#8
Dec1312, 10:00 PM

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So long as you only consider frame of reference of Z, there is nothing wrong with this proposition even without considering relativity. It's only when you say, "Wait a minute. But shouldn't the person on rocket X also see light departing at c," that it becomes apparent that relativity is necessary. In other words, when you start considering two different frames of reference you have to do so with relativity in mind. And ghwellsjr's diagrams for the other two frames of reference demonstrate that clearly. 


#9
Dec1412, 09:16 PM

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#10
Dec1412, 09:22 PM

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#11
Dec1512, 09:52 AM

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P: 4,745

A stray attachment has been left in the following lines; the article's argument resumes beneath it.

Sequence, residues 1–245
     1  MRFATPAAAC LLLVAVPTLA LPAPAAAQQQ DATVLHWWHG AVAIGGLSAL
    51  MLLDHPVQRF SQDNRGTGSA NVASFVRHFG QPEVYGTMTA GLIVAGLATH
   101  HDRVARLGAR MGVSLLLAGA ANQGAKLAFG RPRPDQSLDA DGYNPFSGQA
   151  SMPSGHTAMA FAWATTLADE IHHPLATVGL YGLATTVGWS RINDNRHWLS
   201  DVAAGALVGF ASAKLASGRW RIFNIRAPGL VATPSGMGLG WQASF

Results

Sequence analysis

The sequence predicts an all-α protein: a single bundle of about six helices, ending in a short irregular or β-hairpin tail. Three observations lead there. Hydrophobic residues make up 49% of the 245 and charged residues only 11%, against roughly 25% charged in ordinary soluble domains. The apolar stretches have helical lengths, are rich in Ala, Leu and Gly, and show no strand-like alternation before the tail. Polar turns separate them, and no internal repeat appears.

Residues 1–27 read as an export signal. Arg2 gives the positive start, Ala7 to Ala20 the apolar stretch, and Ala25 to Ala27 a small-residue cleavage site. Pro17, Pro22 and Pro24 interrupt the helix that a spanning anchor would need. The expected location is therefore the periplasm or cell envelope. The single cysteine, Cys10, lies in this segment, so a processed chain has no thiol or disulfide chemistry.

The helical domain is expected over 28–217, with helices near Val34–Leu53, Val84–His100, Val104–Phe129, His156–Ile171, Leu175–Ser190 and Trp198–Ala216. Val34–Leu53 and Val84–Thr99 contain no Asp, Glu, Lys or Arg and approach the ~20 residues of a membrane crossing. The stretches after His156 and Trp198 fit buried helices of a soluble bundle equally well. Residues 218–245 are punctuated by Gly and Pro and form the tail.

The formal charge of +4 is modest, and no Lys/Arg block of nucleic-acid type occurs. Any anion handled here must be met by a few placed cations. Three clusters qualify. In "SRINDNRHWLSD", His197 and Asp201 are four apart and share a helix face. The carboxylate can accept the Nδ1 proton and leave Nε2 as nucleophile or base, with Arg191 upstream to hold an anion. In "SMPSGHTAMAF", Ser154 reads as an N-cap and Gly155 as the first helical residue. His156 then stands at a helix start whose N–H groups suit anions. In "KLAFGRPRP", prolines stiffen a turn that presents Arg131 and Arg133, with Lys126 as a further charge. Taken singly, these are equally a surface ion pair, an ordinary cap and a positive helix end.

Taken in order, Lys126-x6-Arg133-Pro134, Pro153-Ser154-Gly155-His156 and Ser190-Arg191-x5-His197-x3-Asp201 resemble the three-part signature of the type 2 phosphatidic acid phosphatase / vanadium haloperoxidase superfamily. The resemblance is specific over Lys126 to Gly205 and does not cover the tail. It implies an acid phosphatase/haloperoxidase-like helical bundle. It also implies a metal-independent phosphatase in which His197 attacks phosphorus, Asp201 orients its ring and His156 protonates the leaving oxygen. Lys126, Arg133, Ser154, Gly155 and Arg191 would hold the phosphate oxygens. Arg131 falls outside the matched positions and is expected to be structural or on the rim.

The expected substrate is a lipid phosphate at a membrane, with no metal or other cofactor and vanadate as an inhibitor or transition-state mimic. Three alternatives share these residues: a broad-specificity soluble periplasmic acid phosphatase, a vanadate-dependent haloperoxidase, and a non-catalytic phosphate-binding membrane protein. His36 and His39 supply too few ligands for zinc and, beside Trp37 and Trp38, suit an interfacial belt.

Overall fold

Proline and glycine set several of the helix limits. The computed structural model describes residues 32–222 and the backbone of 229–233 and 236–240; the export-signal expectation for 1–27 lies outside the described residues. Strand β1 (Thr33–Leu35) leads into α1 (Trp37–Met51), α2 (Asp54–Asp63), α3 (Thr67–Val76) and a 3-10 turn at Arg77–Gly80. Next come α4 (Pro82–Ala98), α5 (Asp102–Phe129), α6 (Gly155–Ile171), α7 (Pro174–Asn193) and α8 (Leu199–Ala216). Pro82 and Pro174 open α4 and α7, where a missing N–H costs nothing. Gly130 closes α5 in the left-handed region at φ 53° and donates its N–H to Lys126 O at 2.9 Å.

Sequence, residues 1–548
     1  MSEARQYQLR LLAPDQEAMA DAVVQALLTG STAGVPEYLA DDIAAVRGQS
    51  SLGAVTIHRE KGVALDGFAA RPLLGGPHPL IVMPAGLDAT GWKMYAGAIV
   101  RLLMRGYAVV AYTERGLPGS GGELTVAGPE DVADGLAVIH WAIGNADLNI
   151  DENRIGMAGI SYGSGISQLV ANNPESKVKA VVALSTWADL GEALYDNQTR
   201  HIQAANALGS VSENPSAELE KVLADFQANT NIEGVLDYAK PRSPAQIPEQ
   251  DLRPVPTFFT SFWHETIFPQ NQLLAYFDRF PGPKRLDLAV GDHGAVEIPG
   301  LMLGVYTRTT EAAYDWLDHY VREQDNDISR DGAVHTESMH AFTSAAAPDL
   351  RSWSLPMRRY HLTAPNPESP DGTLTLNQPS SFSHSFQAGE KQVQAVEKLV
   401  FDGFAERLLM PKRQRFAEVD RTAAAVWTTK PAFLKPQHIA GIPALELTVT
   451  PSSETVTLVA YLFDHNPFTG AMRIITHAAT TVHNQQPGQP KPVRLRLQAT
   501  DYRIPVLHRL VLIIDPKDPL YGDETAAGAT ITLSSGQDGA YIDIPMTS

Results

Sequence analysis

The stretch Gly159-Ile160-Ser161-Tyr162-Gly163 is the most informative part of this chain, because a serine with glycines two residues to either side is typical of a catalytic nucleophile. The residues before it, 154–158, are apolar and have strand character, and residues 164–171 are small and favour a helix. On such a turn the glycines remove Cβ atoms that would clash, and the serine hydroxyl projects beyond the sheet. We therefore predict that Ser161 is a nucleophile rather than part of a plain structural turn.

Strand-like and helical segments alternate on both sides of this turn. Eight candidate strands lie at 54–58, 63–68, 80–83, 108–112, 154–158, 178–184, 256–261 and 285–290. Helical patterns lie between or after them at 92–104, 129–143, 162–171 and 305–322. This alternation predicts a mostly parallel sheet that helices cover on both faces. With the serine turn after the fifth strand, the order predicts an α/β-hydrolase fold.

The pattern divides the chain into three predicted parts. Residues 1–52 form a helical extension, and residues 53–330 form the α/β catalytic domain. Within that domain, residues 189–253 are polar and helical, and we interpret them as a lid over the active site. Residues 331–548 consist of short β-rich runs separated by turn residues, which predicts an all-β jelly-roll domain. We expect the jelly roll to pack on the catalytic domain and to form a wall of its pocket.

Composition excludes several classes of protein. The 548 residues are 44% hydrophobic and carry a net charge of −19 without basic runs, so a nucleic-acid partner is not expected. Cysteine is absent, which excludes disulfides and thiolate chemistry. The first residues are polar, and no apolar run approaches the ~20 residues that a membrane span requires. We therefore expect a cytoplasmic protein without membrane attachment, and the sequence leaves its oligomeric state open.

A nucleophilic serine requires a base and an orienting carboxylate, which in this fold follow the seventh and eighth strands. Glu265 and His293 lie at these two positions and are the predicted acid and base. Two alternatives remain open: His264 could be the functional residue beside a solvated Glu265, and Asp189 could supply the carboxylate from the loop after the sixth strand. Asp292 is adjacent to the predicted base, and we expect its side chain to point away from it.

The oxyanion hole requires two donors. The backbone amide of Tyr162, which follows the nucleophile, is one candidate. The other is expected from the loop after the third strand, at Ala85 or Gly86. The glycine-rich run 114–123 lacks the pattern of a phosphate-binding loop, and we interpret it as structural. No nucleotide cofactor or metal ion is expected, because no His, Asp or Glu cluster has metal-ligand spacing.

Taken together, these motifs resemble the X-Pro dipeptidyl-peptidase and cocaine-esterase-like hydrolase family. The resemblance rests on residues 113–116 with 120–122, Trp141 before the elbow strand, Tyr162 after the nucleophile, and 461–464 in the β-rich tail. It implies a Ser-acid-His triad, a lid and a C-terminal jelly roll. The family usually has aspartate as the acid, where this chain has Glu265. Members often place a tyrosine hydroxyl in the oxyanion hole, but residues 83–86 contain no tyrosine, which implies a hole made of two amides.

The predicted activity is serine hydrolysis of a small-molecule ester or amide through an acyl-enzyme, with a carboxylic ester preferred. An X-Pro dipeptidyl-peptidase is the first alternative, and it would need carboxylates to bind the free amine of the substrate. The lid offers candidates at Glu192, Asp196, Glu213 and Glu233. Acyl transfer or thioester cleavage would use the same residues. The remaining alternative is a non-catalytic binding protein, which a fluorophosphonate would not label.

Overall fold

But Einstein's assumption is that light travels at c in every IRF and so that is how I drew the graphs and both graphs provide a description that is consistent with all the observations and measurements, even though they both give a totally different picture. Just remember that the differences are caused by our arbitrary assignment of the speed of light being c in each IRF. So it's not just that their clocks are different that permits them to get the same value for c when they measure the roundtrip speed of light, it's also because their rulers contract along the direction of motion in the IRF. Does that make sense? 


#12
Dec1512, 06:42 PM

P: 85

The second video is about Danish physicist, Lene Vestergaard Hau out of Harvard University. I'm sure you are familiar with this one but if not… she uses a Bose Einstein condensate to slow light down to speeds of around 15 mph. http://www.youtube.com/watch?v=yXHWJ4iUlZs http://www.youtube.com/watch?v=EK6HxdUQm5s With a much better understanding, I can see that the spacing for the blue line is 1.16 and the spacing for the black line is 1.67. You have been an incredible help!! 


#13
Dec1512, 07:27 PM

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You might be aware of all of this, but I just want these points to be clear.